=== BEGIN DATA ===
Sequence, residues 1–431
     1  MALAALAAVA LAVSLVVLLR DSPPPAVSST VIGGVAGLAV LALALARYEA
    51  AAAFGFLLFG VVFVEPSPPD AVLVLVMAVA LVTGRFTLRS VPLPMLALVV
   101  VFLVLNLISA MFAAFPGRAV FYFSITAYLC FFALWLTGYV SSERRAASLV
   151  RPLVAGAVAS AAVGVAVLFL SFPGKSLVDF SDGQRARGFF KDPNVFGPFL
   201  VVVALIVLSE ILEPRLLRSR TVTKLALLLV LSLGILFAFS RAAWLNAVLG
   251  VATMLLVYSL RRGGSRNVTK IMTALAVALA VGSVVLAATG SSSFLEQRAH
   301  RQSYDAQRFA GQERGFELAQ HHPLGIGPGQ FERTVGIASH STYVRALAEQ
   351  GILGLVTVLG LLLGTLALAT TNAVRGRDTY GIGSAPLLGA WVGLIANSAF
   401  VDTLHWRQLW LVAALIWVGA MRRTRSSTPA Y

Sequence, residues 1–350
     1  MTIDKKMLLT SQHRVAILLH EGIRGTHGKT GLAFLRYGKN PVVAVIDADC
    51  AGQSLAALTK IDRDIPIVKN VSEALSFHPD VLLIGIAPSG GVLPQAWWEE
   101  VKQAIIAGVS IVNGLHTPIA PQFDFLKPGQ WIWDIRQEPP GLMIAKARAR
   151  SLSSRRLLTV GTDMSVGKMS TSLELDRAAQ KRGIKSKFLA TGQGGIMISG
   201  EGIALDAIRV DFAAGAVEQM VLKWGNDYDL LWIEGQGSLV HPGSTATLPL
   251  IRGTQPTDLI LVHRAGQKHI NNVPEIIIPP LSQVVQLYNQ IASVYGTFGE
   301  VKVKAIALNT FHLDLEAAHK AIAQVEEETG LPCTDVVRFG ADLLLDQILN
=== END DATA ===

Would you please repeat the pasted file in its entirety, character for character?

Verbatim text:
Sequence, residues 1–431
     1  MALAALAAVA LAVSLVVLLR DSPPPAVSST VIGGVAGLAV LALALARYEA
    51  AAAFGFLLFG VVFVEPSPPD AVLVLVMAVA LVTGRFTLRS VPLPMLALVV
   101  VFLVLNLISA MFAAFPGRAV FYFSITAYLC FFALWLTGYV SSERRAASLV
   151  RPLVAGAVAS AAVGVAVLFL SFPGKSLVDF SDGQRARGFF KDPNVFGPFL
   201  VVVALIVLSE ILEPRLLRSR TVTKLALLLV LSLGILFAFS RAAWLNAVLG
   251  VATMLLVYSL RRGGSRNVTK IMTALAVALA VGSVVLAATG SSSFLEQRAH
   301  RQSYDAQRFA GQERGFELAQ HHPLGIGPGQ FERTVGIASH STYVRALAEQ
   351  GILGLVTVLG LLLGTLALAT TNAVRGRDTY GIGSAPLLGA WVGLIANSAF
   401  VDTLHWRQLW LVAALIWVGA MRRTRSSTPA Y

Sequence, residues 1–350
     1  MTIDKKMLLT SQHRVAILLH EGIRGTHGKT GLAFLRYGKN PVVAVIDADC
    51  AGQSLAALTK IDRDIPIVKN VSEALSFHPD VLLIGIAPSG GVLPQAWWEE
   101  VKQAIIAGVS IVNGLHTPIA PQFDFLKPGQ WIWDIRQEPP GLMIAKARAR
   151  SLSSRRLLTV GTDMSVGKMS TSLELDRAAQ KRGIKSKFLA TGQGGIMISG
   201  EGIALDAIRV DFAAGAVEQM VLKWGNDYDL LWIEGQGSLV HPGSTATLPL
   251  IRGTQPTDLI LVHRAGQKHI NNVPEIIIPP LSQVVQLYNQ IASVYGTFGE
   301  VKVKAIALNT FHLDLEAAHK AIAQVEEETG LPCTDVVRFG ADLLLDQILN